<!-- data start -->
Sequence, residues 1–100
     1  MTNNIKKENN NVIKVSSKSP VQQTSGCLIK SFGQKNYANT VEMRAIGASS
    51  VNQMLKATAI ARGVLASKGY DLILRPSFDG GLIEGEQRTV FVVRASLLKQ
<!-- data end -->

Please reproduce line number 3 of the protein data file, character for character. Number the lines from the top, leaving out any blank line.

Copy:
    51  VNQMLKATAI ARGVLASKGY DLILRPSFDG GLIEGEQRTV FVVRASLLKQ